Arctic Wolves (also called Melville Island Wolves) live where few other animals can survive. Their habitat, the Arctic, is freezing cold with temperatures that rarely rise above -30 degrees Celsius (-22 Fahrenheit) and are often much colder than that. On this page is a list of interesting facts about these amazing animals written for both kids and adults. Information on this page includes how Arctic Wolves have adapted for survival in the Arctic, what they eat, and where they live.
Arctic Wolf Interesting Facts
The scientific name for the Arctic Wolf is Canis Lupus Arcticus.
Arctic wolves are a subspecies of Gray Wolves.
Their habitat is the northern most regions of North America and the north and east shores of Greenland.
Due to the scarcity of prey in the Arctic these wolves have territories that can extend 1,000 square miles or more, much wider than wolves who live further south.
Arctic wolves sometimes live alone but usually live in packs of between five and eight wolves. Packs hunt together and can kill larger prey than a lone wolf. Packs have a complex social order led by a dominant male and female wolf. Only the alpha (dominant) female will have pups.
Their life span in the wild is about 7 years.
These predators diet consist of numerous animals of the arctic including musk oxen, caribou, arctic hare, lemmings, seals, ptarmigan, and other birds.
The soil in their habitat for the most part stays frozen year round, a condition called permafrost, which makes it impossible to dig dens. These animals find shelter in caves and rock coverings.
The biggest threats to these animals are Polar bears, other wolves, and of course humans. Unlike other wolf species the Arctic Wolf has never been seriously threatened by humans due to the fact there are very few humans living in the arctic.
Arctic Wolf Physical Description
The Arctic Wolf is usually completely white. This white coat provides great camouflage in the snowy Arctic.
It has two layers of fur which provide excellent insulation from the freezing climate it lives in.
These wolves are smaller than other gray wolf subspecies with shorter muzzles and ears to help prevent loss of heat. They also have shorter legs and are bulkier than other wolves, all which help it stay warm.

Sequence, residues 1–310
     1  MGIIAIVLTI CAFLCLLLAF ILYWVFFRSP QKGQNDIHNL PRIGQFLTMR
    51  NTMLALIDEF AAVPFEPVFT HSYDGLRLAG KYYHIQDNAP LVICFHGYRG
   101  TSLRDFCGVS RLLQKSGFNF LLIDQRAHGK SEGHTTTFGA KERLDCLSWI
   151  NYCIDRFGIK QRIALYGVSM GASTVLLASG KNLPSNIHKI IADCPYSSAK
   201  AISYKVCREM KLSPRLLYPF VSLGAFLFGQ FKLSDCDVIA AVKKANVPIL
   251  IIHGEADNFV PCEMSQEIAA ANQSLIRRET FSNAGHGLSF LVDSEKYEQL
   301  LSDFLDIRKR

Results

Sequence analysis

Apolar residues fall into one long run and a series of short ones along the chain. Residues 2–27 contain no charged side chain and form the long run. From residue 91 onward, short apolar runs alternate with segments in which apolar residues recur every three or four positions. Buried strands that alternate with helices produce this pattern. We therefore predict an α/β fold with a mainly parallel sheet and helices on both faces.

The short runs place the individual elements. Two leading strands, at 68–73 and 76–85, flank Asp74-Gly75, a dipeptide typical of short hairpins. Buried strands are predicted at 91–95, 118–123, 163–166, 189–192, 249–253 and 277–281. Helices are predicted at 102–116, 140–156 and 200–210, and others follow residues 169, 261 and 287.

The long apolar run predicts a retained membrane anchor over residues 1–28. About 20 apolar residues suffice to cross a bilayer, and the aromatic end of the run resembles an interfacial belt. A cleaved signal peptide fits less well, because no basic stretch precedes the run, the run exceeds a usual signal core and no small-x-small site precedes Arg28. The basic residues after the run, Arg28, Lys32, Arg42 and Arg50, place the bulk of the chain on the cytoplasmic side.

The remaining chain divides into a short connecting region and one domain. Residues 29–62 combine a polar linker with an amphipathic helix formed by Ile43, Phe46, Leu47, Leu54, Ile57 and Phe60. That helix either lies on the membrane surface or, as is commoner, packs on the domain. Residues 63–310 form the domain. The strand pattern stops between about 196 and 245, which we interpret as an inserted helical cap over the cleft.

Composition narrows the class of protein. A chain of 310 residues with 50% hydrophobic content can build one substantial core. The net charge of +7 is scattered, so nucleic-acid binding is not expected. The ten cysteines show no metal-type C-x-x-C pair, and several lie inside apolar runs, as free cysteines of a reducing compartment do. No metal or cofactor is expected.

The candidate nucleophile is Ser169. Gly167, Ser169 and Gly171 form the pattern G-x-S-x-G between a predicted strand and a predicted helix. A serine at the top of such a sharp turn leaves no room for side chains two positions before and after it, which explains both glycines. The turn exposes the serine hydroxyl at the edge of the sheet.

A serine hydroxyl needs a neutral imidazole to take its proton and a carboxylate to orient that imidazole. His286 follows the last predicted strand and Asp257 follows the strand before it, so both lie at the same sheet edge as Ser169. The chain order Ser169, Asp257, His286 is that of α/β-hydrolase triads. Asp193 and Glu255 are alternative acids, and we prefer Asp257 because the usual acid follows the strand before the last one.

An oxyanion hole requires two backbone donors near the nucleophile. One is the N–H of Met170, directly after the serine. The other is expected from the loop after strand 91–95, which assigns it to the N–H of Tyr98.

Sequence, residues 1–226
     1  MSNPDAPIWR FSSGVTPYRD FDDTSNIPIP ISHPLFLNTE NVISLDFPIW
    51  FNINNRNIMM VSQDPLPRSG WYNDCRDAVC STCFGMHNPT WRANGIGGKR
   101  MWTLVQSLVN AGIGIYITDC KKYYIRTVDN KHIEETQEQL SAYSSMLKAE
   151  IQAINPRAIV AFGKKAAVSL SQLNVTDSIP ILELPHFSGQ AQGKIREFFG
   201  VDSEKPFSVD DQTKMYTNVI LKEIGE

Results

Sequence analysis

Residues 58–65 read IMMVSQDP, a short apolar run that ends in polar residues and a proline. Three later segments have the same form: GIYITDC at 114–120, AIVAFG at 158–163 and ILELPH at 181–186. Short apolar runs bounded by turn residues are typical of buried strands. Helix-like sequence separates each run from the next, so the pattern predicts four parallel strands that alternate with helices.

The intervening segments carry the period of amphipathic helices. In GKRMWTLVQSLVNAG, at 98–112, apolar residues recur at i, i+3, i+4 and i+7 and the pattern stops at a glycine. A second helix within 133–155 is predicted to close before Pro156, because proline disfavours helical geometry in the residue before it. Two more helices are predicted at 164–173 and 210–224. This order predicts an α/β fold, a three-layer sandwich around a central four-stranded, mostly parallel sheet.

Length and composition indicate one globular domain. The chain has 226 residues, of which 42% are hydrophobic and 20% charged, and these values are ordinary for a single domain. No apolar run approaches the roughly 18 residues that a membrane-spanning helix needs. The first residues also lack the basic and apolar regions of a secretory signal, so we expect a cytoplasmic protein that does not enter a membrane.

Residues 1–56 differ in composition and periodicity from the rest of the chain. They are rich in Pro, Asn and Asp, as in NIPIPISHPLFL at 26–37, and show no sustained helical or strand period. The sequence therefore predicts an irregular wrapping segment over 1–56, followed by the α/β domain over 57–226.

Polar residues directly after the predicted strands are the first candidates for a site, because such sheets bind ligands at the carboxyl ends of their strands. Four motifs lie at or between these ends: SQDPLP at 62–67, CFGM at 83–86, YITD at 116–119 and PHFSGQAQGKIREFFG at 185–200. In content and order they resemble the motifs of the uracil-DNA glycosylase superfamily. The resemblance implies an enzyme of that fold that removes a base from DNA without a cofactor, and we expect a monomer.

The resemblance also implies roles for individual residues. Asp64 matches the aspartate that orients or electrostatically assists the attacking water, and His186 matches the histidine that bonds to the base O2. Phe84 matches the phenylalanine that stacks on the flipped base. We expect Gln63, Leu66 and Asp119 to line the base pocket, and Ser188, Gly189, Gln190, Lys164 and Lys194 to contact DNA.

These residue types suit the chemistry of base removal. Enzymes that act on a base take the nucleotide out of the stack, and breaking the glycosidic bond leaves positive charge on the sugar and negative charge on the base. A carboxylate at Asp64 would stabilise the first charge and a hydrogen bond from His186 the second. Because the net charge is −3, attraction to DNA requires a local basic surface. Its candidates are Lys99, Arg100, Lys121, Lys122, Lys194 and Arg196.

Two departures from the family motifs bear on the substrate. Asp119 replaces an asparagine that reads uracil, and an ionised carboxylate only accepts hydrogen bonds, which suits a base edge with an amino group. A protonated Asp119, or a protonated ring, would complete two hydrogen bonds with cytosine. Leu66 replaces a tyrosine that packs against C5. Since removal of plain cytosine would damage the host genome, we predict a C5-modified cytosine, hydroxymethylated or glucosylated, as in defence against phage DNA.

Male adult Arctic Wolves weigh between 75 and 120 pounds (34 - 54 kilograms), females weigh slightly less.
These mammals are 3 to 5 feet long (90 - 150 centimeters) from the tip of their nose to the end of their tail.
Their height, measured at the shoulder is 25 - 30 inches (63 - 76 centimeters).
Arctic Wolf Adaptation Facts
These animals have a thick white fur coat which helps keep them warm and serves as camouflage in their snowy habitat.
Arctic wolves have many different characteristics from gray wolves, all of which help them survive in their colder habitat. To reduce their exposure to the freezing air they have developed shorter legs, shorter muzzles, and smaller ears.
The Arctic Wolf has hair between the pads of its feet that keep their feet warm as they walk on the frozen landscape.
In order to reduce heat loss, they have more rounded ears, a shorter muzzle and shorter legs than other gray wolf subspecies.
These animals have adapted well to survival as a predator in the harsh arctic climate. Their keen eyesight, hearing, and sense of smell help them find prey.
These predators have developed great endurance; which is often necessary when searching for limited prey in arctic regions. They may travel up to ten hours a day covering more than forty miles in search of food.
Arctic wolves can run at speeds of up to 40 miles per hour (64.4 km per hour) over short distances. This speed enables it to catch most of its prey if it starts its attack from a close enough point.